By Ed Huyck
By Melissa Wray
By Patrick Strait
By Jonathan McJunkin
By B Fresh Photography
By Ryan Siverson
By Kendra Sundvall
By Ed Huyck
Two months ago a Cargill employee named Kerry Kammann discovered a freshly killed white-tailed deer on company grounds in a wooded area in Savage, a south-metro suburb. His curiosity piqued by nearby paw prints--as "big as a Whopper," he later told the Star Tribune--Kammann and some co-workers rigged up a motion-activated camera next to the kill site. Soon thereafter, they had vivid evidence as to the deer's cause of death: a photograph of a handsome, healthy-looking mountain lion feasting on its carcass.
Mountain lions, which are also known as cougars, were long thought to have been extirpated from Minnesota in the 1880s. In the 120 years since, there have been sporadic sightings. But typically those sightings are explained away as cases of mistaken identity, or as escaped pet lions, or as lone wild animals simply passing through. Here, at last, was a strong suggestion that at least one lion had successfully resettled in the Minnesota River valley.
There was something undeniably exhilarating about it; this secretive and solitary predator thriving in our midst. Could it be that that in the face of the relentless degradation of the natural world, the cougar might reclaim its rightful spot in the food chain and thin those abnormally enormous suburban deer herds? How glorious.
Back to reality.
On the evening of May 30, Bloomington police received a call from a couple out for an evening stroll in Moir Park, which abuts the Minnesota River not far from the Cargill site. The couple had spotted a cougar in the underbrush some 30 feet off the trail. Two patrol officers were dispatched to the scene. "They tried to shoo the thing away. They shined their flashlights on it, and threw wood chips at it. But the thing wouldn't budge. It just got more defensive and stood its ground," says Lt. Jim Ryan, patrol supervisor with the Bloomington Police Department.
After talking with their sergeant, the officers contacted Lt. Ryan to decide on a course of action. Given the impending nightfall, the animal's failure to retreat, and the absence of a readily accessible tranquilizer, they made a judgment call: Officer Tom Williams retrieved an AR 15 assault rifle from his squad car and fired eight times.
In the week since the shooting, Bloomington police have received a smattering of e-mails and phone calls questioning the drastic action. Ryan's assessment? The killing was regrettable but necessary. "With most wild animals, their nature is to retreat, unless they're cornered or with cubs," he explains. "There was atypical behavior by this cat."
Maybe, maybe not, says Lynn Sadler, executive director of the California-based Mountain Lion Foundation. "I don't really want to second-guess the police, because I wasn't there. But the fact that the animal didn't retreat when they threw things at it doesn't necessarily mean anything. Think of a housecat. When a housecat is really frightened, what does it do? It freezes. Maybe it would have been more effective to have backed off and given the lion a route out."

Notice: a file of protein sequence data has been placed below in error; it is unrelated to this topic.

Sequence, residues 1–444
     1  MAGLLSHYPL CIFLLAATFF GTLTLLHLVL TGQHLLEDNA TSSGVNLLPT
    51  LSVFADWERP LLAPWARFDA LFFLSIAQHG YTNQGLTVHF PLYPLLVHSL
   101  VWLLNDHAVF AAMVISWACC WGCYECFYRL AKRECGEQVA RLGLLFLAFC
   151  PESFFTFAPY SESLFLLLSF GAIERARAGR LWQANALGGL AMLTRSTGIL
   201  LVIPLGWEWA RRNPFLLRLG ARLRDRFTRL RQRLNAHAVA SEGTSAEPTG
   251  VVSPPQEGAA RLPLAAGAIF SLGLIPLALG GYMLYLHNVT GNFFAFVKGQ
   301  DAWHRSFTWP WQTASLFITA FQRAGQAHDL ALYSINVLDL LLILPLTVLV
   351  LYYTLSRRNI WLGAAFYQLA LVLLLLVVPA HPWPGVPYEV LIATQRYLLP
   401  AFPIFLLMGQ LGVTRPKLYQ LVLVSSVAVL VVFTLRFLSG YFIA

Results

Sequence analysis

In California, whose Department of Fish and Game estimates the cougar population at between 2,500 and 5,000, the animals are shot with alarming regularity. In 1990, Proposition 117 banned the sport hunting of cougars, but those that threaten livestock or pets can be killed without legal consequence. Cougars deemed a public-safety hazard are frequently killed as well. On average, according to Sadler, a mountain lion is killed in California every 2.4 days.
The animals' threat to humans is often overstated, according to Chris Papouchis, a conservation biologist with the Mountain Lion Foundation. In the past 111 years, there have been just 16 documented cases in North America of cougars killing people. "Statistically, it's almost insignificant," observes Papouchis. "Look at deaths from lightning strikes, or bees, or domestic dogs--or even incidents of folks out hunting who get killed by deer. There's no comparison."
That said, cougars do occasionally attack people. As more people venture into the wilderness (and as more wilderness is destroyed by development) attacks have become more common. For law enforcement, that can add another ingredient to the mix: a fear of liability. In Southern California, for instance, Orange County paid $1.5 million in damages to a five-year-old girl who in 1986 was mauled by a cougar in a county park.
Last Thursday, Col. Bill Bernhjelm, the director of the Minnesota Department of Natural Resources Enforcement Division, formally delivered the DNR's verdict on the Bloomington incident: Given the animal's "unusual behavior" and proximity to homes and a public hiking trail, the officers had acted appropriately.
The body of the dead cougar is currently undergoing tests at the University of Minnesota Veterinary Diagnostic Lab, where researchers hope to find clues that might explain the animal's behavior. So far, they have found little--no signs of illness or injury, and no evidence it was an escaped or released captive animal. The DNR isn't even sure whether the cougar is the same one that was captured on film in the Cargill parking lot.
The mystery, it seems, will linger.
And what will become of the animal's carcass? "If it's not damaged too badly, it's conceivable that it will be mounted for educational purposes," says DNR spokesman Dennis Stouffer.
For those enchanted by the idea of cougars making a comeback in Minnesota, the news that some local taxidermist may be getting extra business is scant solace.
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